Portrait of Madame Blavatsky resized


No Religion Higher Than Truth

Remembering The Experience Of The Ego

From "William Q. Judge Theosophical Articles", Vol. I

TO many it seems puzzling that we do not remember the experiences of the Higher Self in sleep. But as long as we ask “Why does not the lower self remember these experiences,” we shall never have an answer. There is a contradiction in the question, because the lower self, never having had the experiences it is required to remember, could not at any time recollect them.

When sleep comes on, the engine and instrument of the lower personality is stopped, and can do nothing but what may be called automatic acts. The brain is not in use, and hence no consciousness exists for it until the waking moment returns. The ego, when thus released from the physical chains, from from its hard daily task of living with and working through the bodily organs, proceeds to enjoy the experiences of the plane of existence which is peculiarly its own.

On that plane it uses a method and processes of thought, and perceives the ideas appropriate to it through organs different from those of the body. All that it sees and hears (if we may use those terms) appears reversed from our plane. The language, so to say, is a foreign one even to the inner language used when awake. So, upon reassuming life in the body, all that it has to tell its lower companion must be spoken in a strange tongue, and for the body that is an obstruction to comprehension. We hear the words, but only now and then obtain flashes of their meaning. It is something like the English-speaking person who knows a few foreign words entering a foreign town and there being only able to grasp those few terms as he hears them among the multitude of other words and sentences which he does not understand.

What we have to do, then, is to learn the language of the Ego, so that we shall not fail to make a proper translation to ourselves. For at all times the language of the plane through which the Ego nightly floats is a foreign one to the brain we use, and has to be always translated for use by the brain. If the interpretation is incorrect, the experience of the Ego will never be made complete to the lower man.

But it may be asked if there is an actual language for the Ego, having its sound and corresponding signs. Evidently not; for, if there were, there would have been made a record of it during all those countless years that sincere students have been studying themselves. It is not a language in the ordinary sense. It is more nearly described as a communication of ideas and experience by means of pictures. So with it a sound may be pictured as a color or a figure, and an odor as a vibrating line; an historical event may be not only shown as a picture, but also as a light or a shadow, or as a sickening smell or delightful incense; the vast mineral world may not only exhibit its planes and angles and colors, but also its vibrations and lights. Or, again, the ego may have reduced its perceptions of size and distance for its own purposes, and, having the mental capacity for the time of the ant, it may report to the bodily organs a small hole as an abyss, or the grass of the field as a gigantic forest. These are adduced by way of example, and are not to be taken as hard and fast lines of description.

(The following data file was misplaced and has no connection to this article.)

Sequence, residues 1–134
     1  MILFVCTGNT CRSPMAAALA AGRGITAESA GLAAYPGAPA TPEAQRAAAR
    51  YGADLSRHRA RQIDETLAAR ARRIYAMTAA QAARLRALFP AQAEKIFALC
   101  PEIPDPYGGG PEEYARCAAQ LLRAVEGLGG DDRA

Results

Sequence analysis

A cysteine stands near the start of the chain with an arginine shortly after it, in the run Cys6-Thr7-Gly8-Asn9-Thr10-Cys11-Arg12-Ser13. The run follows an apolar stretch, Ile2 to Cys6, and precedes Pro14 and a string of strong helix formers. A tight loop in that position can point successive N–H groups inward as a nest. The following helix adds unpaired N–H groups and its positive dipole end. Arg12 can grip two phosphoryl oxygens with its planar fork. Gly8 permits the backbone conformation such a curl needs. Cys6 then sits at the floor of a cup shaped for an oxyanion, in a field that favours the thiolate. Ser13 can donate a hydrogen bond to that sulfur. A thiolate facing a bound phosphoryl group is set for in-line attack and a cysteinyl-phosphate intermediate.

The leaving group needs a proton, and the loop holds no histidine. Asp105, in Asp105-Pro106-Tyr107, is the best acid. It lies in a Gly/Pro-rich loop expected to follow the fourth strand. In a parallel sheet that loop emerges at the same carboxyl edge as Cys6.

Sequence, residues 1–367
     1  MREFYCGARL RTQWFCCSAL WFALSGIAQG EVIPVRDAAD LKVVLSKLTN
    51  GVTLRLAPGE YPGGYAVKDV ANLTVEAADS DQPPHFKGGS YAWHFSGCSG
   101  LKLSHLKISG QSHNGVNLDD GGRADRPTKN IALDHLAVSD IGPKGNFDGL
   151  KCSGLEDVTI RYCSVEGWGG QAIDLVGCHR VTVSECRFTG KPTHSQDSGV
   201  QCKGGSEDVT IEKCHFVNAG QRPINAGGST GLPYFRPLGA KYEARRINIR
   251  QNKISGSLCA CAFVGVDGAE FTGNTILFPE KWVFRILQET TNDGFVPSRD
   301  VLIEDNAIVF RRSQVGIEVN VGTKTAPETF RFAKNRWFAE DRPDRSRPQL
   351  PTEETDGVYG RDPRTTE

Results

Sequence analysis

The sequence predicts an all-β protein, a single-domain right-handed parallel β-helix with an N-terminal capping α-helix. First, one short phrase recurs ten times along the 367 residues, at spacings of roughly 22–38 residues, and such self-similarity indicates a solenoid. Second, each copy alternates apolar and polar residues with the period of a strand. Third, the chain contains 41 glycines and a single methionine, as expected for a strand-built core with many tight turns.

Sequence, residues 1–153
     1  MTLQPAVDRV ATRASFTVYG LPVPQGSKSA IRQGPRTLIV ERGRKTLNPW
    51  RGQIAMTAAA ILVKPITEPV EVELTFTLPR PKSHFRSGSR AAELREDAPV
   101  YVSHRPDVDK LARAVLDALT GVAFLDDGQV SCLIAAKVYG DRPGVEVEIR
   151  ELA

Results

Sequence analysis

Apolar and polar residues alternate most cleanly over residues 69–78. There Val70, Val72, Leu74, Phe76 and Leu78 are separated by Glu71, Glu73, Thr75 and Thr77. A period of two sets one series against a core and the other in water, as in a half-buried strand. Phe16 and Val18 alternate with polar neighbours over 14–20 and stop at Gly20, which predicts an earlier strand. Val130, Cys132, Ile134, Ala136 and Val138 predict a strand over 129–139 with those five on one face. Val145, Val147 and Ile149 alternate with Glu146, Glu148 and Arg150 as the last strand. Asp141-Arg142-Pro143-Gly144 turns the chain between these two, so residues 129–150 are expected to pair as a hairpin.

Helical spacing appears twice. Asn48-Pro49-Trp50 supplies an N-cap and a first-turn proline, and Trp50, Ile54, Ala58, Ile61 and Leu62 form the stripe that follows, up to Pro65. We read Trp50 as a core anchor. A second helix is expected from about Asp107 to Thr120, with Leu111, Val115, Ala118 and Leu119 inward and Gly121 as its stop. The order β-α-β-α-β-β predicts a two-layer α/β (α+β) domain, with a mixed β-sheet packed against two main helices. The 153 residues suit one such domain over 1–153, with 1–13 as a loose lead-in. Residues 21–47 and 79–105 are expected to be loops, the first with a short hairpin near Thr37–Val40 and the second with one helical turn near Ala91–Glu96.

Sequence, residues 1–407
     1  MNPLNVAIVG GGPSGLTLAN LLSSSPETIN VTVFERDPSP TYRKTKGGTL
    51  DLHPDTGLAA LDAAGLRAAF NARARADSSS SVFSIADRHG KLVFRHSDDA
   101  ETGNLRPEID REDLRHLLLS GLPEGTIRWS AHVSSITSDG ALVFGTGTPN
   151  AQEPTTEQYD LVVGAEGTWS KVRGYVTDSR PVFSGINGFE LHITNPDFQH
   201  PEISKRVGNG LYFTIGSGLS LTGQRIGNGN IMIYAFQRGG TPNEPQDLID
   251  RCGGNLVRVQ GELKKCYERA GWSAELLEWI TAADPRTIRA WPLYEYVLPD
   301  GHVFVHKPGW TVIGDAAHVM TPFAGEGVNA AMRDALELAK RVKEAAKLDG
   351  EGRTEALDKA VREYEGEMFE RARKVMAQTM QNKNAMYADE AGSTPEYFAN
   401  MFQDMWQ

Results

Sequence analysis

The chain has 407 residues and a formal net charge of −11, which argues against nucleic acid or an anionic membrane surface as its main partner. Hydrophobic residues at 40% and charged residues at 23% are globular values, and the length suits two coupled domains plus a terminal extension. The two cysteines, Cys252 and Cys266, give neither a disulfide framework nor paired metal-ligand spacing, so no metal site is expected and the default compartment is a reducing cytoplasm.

Upon awakening, a great hindrance is found in our own daily life and terms of speech and thought to the right translation of these experiences, and the only way in which we can use them with full benefit is by making ourselves porous, so to speak, to the influences from the higher self, and by living and thinking in such a manner as will be most likely to bring about the aim of the soul.

This leads us unerringly to virtue and knowledge, for the vices and the passions eternally becloud our perception of the meaning of what the Ego tries to tell us. It is for this reason that the sages inculcate virtue. Is it not plain that, if the vicious could accomplish the translation of the Ego’s language, they would have done it long ago, and is it not known to us all that only among the virtuous can the Sages be found?

Eusebio Urban (William Q. Judge)

Path, June, 1890